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Gallup Daily: Obama 48%, Clinton 46% for Nomination

Obama once again running even with McCain

PRINCETON, NJ -- Voters in North Carolina and Indiana will have their say in the Democratic race as the latest national Gallup Poll Daily tracking update finds Barack Obama (48%) and Hillary Clinton (46%) essentially tied, according to May 3-5 polling.

This marks the 13th consecutive day that neither candidate could claim a statistically significant lead. For most of this time, the candidates have been within a percentage point or two of each other, although both Clinton and Obama have briefly enjoyed slightly larger advantages. Since Gallup tracking began in January, each candidate has had a period of sustained leads, with Clinton ahead nationally for most of January and Obama ahead for most of April. (To view the complete trend since Jan. 3, 2008, click here.)

North Carolina and Indiana are the two biggest remaining contests left in terms of available delegates. Pre-election polls show Clinton leading by a small margin in Indiana and Obama leading by somewhat more in North Carolina. If Clinton and Obama split the states, and the results in each are relatively close, then the dynamics of the race will probably remain unchanged. However, if one candidate pulls an upset and sweeps the two states, it could cause rank and file Democrats (as well as party leaders) to reevaluate the race.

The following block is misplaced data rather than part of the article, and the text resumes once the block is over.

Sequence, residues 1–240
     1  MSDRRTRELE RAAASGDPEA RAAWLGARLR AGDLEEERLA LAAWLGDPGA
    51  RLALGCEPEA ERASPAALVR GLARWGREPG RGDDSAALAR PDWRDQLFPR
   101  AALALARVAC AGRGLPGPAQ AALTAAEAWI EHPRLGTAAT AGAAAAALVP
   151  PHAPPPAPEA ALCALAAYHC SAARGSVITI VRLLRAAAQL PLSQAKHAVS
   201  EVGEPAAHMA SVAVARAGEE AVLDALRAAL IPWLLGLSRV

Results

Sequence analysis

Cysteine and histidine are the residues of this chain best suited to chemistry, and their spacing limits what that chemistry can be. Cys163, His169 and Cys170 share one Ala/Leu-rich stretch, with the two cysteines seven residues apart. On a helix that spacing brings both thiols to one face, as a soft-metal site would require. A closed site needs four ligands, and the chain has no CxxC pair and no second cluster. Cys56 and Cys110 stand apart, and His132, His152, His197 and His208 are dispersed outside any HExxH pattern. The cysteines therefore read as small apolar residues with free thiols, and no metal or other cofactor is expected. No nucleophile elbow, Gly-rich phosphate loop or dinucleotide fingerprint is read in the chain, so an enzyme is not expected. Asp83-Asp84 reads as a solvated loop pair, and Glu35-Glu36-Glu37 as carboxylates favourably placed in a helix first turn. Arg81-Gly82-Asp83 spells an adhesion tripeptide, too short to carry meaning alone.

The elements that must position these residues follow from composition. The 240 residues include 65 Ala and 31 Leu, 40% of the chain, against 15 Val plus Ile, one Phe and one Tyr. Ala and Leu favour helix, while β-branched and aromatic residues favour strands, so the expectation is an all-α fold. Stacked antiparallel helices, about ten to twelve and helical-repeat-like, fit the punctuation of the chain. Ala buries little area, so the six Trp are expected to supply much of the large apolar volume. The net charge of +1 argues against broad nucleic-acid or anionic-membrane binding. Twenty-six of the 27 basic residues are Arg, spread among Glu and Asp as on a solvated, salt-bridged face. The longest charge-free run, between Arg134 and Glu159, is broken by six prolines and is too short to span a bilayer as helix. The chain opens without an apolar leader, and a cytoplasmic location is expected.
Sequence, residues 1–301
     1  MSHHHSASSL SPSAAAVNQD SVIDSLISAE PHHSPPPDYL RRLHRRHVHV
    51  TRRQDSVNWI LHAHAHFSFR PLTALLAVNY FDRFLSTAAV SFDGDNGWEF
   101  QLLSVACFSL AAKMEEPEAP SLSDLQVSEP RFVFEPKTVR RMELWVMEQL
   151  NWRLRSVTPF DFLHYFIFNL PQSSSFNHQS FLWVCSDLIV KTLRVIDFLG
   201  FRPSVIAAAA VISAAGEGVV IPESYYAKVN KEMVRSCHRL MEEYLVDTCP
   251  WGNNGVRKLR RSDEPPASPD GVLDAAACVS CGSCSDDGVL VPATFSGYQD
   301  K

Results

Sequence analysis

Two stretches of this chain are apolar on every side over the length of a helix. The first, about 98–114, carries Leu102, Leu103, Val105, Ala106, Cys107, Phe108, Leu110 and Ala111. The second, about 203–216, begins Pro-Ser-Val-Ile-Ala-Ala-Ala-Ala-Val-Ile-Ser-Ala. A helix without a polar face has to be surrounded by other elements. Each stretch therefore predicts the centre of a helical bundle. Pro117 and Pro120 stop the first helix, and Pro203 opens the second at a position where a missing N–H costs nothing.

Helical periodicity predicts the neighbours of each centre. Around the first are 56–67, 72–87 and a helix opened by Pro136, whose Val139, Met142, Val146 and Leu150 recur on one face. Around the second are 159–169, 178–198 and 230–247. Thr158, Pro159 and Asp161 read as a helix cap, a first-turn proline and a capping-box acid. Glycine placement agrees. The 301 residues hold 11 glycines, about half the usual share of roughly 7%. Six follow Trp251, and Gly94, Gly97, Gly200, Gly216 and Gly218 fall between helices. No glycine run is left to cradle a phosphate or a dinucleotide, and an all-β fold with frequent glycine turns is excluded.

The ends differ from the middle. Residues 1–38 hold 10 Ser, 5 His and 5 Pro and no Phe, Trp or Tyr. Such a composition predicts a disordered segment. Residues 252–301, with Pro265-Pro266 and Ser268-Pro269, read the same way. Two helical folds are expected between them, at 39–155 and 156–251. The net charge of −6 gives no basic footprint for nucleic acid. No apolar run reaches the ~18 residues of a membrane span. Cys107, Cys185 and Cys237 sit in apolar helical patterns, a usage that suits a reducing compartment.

In recent days, Clinton had fared better than Obama against John McCain in general election trial heats. Now the two Democratic candidates are more closely matched with the presumptive Republican nominee among registered voters nationwide -- Clinton 46%, McCain 45% and McCain 46%, Obama 45%. For most of March and April, Gallup's first two months of tracking general election preferences, Clinton and Obama generally fared about the same versus McCain. -- Jeff Jones

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Survey Methods

For the Gallup Poll Daily tracking survey, Gallup is interviewing no fewer than 1,000 U.S. adults nationwide each day during 2008.

The Democratic nomination results are based on combined data from May 3-5, 2008. For results based on this sample of 1,290 Democratic and Democratic-leaning voters, the maximum margin of sampling error is ±3 percentage points.

The general election results are based on combined data from May 1-5, 2008. For results based on this sample of 4,397 registered voters, the maximum margin of sampling error is ±2 percentage points.

In addition to sampling error, question wording and practical difficulties in conducting surveys can introduce error or bias into the findings of public opinion polls.

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